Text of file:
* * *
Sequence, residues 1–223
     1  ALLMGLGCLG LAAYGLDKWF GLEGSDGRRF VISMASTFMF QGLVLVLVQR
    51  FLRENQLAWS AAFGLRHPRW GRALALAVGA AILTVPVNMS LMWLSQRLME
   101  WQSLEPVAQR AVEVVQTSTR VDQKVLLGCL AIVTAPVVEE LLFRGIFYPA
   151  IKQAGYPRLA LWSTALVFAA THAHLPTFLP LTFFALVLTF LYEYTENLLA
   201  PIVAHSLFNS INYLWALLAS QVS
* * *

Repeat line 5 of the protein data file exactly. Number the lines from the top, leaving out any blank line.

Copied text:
   151  IKQAGYPRLA LWSTALVFAA THAHLPTFLP LTFFALVLTF LYEYTENLLA